1) What does adding publicly available information to a strong passphrase add?
2) If you have to memorize it then it isn't a salt.


It adds to security because this stuff applies to you only.  This means an attack can't be directed against all brain wallets any more - it is specifically against you. But one of them is certainly enough.

So my suggestion is: use your SSN OR drivers license number, then use a string of words that is easy to remember for YOU, but not easy to guess for others - so you won't forget it. You can use some of these words in a foreign language or add some deliberate miss-spelling to them.

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DublinBrian
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July 14, 2012, 10:45:14 AM
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My main concern is whether Bitaddress generates truly random keypairs. This is a problem whether your box is offline or not. And its irrelevant whether you have booted from a CD or not.

If the developers of Bitaddress know what keypairs their program will generate then they can steal your funds, even if you never go online again. They can steal the funds of everyone who ever used their program, by regenerating the same keypairs that users generated.

How do we know that Bitaddress isnt only capable of generating 100 million keypairs. The developers can wait until there is a good quantity of funds, scattered around those 100 million addresses and then they can regenerate all 100 million private keys and steal the funds.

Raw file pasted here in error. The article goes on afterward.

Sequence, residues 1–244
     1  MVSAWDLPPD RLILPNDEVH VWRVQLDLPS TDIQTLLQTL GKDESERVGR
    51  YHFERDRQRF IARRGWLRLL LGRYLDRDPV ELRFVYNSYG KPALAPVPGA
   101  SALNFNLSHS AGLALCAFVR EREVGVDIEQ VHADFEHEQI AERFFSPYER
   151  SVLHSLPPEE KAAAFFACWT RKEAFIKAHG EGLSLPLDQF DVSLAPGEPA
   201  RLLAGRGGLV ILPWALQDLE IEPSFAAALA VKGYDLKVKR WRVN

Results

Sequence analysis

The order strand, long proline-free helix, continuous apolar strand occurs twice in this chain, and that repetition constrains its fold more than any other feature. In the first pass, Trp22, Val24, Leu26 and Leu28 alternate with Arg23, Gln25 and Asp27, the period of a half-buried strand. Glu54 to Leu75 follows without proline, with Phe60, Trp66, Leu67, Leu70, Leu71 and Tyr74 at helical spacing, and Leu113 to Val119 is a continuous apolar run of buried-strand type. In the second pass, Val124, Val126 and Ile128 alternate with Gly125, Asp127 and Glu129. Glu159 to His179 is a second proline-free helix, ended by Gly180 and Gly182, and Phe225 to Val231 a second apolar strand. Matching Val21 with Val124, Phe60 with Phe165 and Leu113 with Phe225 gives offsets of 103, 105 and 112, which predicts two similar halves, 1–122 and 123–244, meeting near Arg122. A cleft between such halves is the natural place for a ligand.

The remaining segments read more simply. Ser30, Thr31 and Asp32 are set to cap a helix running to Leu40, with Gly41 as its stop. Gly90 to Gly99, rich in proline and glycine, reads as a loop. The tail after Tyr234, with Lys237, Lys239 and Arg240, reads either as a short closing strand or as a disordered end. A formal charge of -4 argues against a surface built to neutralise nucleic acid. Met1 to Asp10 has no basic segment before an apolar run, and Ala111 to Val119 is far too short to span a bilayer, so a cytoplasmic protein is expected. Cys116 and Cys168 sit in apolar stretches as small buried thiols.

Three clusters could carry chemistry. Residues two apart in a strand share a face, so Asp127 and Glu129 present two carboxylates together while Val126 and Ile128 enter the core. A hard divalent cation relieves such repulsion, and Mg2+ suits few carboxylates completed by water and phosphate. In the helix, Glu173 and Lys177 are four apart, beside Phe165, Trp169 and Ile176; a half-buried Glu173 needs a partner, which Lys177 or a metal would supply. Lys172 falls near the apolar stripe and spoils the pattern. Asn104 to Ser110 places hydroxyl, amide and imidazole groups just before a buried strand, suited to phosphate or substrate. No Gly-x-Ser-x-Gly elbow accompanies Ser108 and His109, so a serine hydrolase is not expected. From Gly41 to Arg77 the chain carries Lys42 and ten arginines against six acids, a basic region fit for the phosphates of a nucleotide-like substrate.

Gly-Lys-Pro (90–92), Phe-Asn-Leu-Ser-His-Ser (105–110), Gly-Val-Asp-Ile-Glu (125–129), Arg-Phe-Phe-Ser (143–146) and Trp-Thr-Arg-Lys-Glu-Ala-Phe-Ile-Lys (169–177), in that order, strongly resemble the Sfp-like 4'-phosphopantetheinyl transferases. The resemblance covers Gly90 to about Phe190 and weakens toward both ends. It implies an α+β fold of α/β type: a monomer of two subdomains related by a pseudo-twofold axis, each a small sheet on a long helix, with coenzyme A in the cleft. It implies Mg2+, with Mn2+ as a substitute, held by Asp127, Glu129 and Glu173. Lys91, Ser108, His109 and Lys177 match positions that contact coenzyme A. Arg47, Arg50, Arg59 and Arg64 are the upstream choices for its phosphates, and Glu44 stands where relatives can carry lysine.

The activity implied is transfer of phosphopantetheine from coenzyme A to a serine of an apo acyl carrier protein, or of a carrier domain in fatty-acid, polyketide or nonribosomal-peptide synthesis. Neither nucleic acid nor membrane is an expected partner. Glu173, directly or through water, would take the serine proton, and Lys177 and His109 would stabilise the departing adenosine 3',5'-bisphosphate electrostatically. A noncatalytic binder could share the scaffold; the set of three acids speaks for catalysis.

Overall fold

Im not saying that they are doing this, Im simply saying that, as someone who doesnt have the competence to review source code, or even compile source code, I cannot be 100% sure that this is impossible.
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July 14, 2012, 11:12:46 AM
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My main concern is whether Bitaddress generates truly random keypairs. This is a problem whether your box is offline or not. And its irrelevant whether you have booted from a CD or not.


The code uses your mouse movements as a source of entropy. For deterministic (brain) wallets, that is irrelevant, anyway, because the entropy comes from the passphrase you dream up.

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DublinBrian
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July 14, 2012, 11:45:26 AM
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The code uses your mouse movements as a source of entropy. For deterministic (brain) wallets, that is irrelevant, anyway, because the entropy comes from the passphrase you dream up.
How do we know that the Bitaddress.org program is actually the compiled source code that is published?

If a government actor were trying to damage bitcoin, this would be the kind of trick they would use.
mcorlett
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July 14, 2012, 11:55:53 AM